While many anglers tend to put fishing on the back burner at this time of year a few minutes spent on your fishing gear now will pay big dividends next spring. Resist the impulse to throw your fishing rods in a corner of the garage and your tackle in the basement.
Rods and reels
Starting with your fishing rods, wipe them clean with a damp cloth and, if your last trip was after mackerel, you might want to use some mild soap and water as well. This is also a good time to check for worn guides, loose reel seats or frayed wraps. Take your rods apart and store them in a dry area.
Reels should also be wiped down and lightly oiled. Again, if you were fishing salt water you should pay more attention to the cleaning. Check your fly reels for grit and sand under the spools, especially if they have exposed rims. After cleaning the reel apply light oil to the gears and spindle. If your reel is held together with screws check for loose or missing screws. Spinning reels should also receive a light oiling. It is also a good idea to slack off the drag knob of your spinning reel to relieve tension on the drag washer.
Take the time to check your line. If it is nicked and worn, replace it before next season. Line is cheap, especially if you lose that big trout when your old line breaks. In the case of fly lines it is a good idea to wash them with mild soap and water and let them dry before storing them off the reel for the winter. Most modern fly lines are very expensive so a little care now will ensure a good return on your investment.
Flies, lures and boots
Clean and dry tackle boxes and fly boxes before putting them away or you may begin next season with a lot of rusty hooks. Check your fly selection and make a mental note of which patterns you will have to tie up during the winter to ensure you can match the hatch when the need arises. Waders and hip boots deserve special attention, given the prices they charge for them today. I wash off any mud and hang them upside down in an unheated building.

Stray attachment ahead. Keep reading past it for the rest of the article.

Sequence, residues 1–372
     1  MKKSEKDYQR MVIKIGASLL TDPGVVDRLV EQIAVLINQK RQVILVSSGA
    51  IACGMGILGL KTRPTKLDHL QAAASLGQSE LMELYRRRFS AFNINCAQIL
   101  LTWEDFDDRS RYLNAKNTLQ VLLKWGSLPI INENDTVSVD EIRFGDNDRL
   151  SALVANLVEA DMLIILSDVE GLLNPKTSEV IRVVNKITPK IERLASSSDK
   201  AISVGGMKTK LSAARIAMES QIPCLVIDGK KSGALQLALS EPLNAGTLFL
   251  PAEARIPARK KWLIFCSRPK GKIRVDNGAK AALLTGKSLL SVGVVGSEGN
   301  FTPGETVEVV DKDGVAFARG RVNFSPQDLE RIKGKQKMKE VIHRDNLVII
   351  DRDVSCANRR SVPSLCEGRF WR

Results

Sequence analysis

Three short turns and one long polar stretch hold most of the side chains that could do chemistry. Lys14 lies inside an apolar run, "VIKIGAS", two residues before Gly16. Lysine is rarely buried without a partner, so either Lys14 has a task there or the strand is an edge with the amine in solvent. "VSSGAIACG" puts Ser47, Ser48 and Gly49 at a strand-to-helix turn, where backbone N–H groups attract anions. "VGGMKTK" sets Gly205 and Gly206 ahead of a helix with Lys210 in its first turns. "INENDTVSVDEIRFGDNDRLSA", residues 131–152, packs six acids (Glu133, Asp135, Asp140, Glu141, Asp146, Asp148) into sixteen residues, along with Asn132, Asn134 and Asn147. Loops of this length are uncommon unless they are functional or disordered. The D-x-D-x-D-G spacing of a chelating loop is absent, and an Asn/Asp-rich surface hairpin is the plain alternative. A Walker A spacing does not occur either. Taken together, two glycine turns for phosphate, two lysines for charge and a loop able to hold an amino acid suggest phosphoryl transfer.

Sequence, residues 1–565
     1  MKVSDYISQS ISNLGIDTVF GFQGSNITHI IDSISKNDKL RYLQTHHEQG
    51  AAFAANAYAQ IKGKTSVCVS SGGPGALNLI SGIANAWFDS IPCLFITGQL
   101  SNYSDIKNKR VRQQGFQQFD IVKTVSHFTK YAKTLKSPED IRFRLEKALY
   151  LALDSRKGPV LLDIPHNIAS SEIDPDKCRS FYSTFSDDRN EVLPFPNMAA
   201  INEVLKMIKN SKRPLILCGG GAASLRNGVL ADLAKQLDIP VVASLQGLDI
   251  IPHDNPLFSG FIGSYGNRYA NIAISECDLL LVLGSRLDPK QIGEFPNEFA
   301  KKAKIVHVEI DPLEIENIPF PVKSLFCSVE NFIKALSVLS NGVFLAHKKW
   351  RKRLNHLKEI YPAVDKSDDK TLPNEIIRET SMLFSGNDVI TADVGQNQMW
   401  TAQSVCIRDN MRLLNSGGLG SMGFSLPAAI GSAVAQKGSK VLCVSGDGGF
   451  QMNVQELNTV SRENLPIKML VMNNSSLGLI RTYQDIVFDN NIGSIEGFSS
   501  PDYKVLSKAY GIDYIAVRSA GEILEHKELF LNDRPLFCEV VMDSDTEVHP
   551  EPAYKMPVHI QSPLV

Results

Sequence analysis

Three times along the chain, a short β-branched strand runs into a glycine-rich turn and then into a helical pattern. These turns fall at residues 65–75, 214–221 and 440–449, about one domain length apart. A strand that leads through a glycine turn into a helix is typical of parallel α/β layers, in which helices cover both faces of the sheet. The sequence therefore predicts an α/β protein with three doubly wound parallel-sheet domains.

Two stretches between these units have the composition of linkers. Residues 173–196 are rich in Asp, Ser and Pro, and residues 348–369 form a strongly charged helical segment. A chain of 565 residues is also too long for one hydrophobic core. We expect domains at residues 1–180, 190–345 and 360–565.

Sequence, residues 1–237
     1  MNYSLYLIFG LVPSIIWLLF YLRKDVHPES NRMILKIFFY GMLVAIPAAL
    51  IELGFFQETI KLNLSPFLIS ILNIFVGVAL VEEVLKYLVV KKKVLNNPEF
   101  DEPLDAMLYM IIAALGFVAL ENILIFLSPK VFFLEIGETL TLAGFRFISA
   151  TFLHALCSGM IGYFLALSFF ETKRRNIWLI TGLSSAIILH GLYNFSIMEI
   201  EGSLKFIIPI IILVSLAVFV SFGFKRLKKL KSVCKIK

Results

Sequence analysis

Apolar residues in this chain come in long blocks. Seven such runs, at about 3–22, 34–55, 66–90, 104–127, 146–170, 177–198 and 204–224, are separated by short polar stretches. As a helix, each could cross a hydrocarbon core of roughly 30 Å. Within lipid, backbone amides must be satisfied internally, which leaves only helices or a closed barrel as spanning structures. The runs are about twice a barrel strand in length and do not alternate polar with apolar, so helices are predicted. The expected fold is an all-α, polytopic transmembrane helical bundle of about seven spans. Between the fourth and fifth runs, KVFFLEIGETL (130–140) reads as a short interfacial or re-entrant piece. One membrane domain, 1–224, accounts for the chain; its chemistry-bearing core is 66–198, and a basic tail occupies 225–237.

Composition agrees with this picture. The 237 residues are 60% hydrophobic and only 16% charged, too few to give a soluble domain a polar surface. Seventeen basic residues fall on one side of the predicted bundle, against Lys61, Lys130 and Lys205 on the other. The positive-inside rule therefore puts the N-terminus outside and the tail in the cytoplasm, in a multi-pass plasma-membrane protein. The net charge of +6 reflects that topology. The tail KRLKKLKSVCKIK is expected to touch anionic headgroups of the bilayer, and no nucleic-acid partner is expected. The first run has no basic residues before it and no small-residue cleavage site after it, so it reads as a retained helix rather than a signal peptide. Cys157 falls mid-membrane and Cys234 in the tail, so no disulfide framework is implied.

If you don’t plan on taking advantage of extended sport fishing opportunities this fall and winter, and the end of September marks the end of your fishing season, take a few moments to fill in and mail your angler report card which is included with your licence. Information on your catch and effort is valuable for sport fish managers.
Fortunately, there are other sport fishing opportunities which local anglers can take advantage of during the off season. Although the general season closes the end of September don’t forget fall salmon season is open until the end of October on some rivers. Gairloch and Dryden Lakes are open year around for trout while Black and West Branch Lakes are open all year for white and yellow perch as well as chain pickerel. You can also fish rainbow and brook trout year round in Cameron and Gillis Lakes, Antigonish County. Don’t forget the trout bag limit on these lakes is reduced to two fish per day during the winter season.
Don MacLean is an outdoor writer and biologist who lives in Pictou County.